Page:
gunite

TonyTonyTony

Active member
May 1, 2020
27
Huntsville
The cracks in the pics are not hairline cracks. When you have a crack with a gap it is not hairline. A hairline crack looks like a pencil mark.
You video looked like they were repairing hairline cracks on the wall. I do have a major crack on the floor.

The pool is 45 x 11, 93,000 + gal. It's a monster. On the shallow end over 4 feet, and the deep end over 10 feet. It's a continuous slope until past the center and then there's a steep slope. It's here where the big crack is
 

TonyTonyTony

Active member
May 1, 2020
27
Huntsville
You video looked like they were repairing hairline cracks on the wall. I do have a major crack on the floor.

The pool is 45 x 11, 93,000 + gal. It's a monster. On the shallow end over 4 feet, and the deep end over 10 feet. It's a continuous slope until past the center and then there's a steep slope. It's here where the big crack is
 

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Rich D

Bronze Supporter
Aug 3, 2018
668
MA
Seems to be some miscommunication going on.

Tony,
Did you chip out all the old plaster?
How long ago did you remove plaster and paint?
Did you see all these cracks when you removed plaster and before you painted?
 

Rich D

Bronze Supporter
Aug 3, 2018
668
MA
If your are selling the house I would suggest getting at least 2 estimates to repair and replaster the pool and 2 estimates to fill in the pool. Then you and your realtor could decide if it is your best interest to do either at this time or simply list it with these known issues and prices. At least then everybody has the same hard numbers to work with. If you do think the house would sell better with a fully functioning pool then simply document with pics any temp fixes like filling cracks with hydrolic cement and repaint the pool and provide these to potential buyers. There is a slim chance that the pool will hold water and look nice so the potential buyer can see what he/she would have if they spend the money to fix the pool.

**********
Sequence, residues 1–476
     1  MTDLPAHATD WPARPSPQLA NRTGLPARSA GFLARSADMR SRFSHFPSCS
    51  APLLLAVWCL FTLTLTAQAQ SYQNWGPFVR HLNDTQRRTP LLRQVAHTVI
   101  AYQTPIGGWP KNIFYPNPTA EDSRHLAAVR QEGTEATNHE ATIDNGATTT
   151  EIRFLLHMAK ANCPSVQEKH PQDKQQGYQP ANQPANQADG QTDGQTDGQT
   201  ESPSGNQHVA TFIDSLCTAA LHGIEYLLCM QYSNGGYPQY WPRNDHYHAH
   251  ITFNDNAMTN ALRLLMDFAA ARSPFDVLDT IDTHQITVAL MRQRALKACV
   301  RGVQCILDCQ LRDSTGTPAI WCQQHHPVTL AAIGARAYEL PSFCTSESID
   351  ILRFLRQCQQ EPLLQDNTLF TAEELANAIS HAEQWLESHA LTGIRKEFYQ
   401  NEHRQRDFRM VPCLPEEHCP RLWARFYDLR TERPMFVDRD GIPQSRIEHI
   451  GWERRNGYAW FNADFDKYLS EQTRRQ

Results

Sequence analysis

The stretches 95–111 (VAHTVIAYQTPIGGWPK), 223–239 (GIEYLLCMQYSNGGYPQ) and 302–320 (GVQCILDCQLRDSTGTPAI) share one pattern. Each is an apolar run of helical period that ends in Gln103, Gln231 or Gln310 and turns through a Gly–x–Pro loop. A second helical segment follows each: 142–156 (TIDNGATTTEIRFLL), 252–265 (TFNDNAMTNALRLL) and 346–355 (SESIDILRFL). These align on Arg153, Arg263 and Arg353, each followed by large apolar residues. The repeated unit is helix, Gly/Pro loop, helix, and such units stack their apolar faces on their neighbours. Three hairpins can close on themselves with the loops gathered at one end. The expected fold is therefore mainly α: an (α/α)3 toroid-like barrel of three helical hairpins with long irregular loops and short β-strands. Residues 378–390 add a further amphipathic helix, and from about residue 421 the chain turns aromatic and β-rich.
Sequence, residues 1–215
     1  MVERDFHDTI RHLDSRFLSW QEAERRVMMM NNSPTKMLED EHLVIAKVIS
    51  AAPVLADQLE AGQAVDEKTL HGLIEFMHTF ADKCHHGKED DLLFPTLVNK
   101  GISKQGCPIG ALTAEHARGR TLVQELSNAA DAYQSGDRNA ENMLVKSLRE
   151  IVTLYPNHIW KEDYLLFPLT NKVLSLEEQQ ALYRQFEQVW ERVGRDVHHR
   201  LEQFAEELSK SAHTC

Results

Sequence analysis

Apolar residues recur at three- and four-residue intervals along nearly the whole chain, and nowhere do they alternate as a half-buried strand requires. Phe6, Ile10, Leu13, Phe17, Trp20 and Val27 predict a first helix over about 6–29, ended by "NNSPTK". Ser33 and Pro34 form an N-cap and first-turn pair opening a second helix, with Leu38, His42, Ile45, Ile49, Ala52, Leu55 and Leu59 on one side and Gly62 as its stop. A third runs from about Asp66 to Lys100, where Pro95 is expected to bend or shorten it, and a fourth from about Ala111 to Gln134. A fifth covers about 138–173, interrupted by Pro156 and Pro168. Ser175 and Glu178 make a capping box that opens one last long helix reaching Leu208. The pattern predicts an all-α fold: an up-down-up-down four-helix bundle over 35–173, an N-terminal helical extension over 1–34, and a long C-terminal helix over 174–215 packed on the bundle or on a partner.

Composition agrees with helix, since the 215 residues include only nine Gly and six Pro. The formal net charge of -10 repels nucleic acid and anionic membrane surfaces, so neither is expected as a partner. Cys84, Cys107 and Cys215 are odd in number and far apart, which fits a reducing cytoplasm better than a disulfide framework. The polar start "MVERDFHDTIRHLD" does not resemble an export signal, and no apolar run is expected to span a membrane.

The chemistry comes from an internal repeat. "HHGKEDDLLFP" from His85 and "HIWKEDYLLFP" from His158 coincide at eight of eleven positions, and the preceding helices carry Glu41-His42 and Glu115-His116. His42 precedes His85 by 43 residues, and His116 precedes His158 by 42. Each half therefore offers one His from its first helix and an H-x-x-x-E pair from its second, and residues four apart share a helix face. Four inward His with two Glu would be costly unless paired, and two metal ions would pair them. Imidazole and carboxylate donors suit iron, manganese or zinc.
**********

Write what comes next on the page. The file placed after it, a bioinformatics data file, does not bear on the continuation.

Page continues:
jimmythegreek

TFP Expert
Bronze Supporter
In The Industry
Aug 10, 2017
2,134
Morris Cnty NJ
those are all structural cracks thats not just the plaster. you have a major repair on your hands that stitching is probably not gonna fix. If you were hiring a real professional to fix this he would drill and take core samples of the floor area in the hopper to see if there are voids and see whats making the pool shift with guidance from an engineer. the fix is likely to be either mudjacking the floor for support and then epoxy bond rebar and pour a whole new floor over the top then plaster. at that point it would make sense to make the pool ALOT smaller with tanning ledges etc. with the pool shifting like that in the floor there is either delamination in the concrete or no rebar in it if its old and thats a huge issue going forward. I know your selling the house and you dont want to spend a ton of money. The problem is you know the issue and you even documented it here with pics. If you patch with whatever and sell it undisclosed you can get sued pretty hard. I was an expert witness in a similar case last year and the seller did something like this and got 46k awarded against him plus the attorneys fees from the other side at the tune of about 35k. You might be better off leaving as is and fluff the price a little saying theres 10k for repairs at closing for pool and its as is.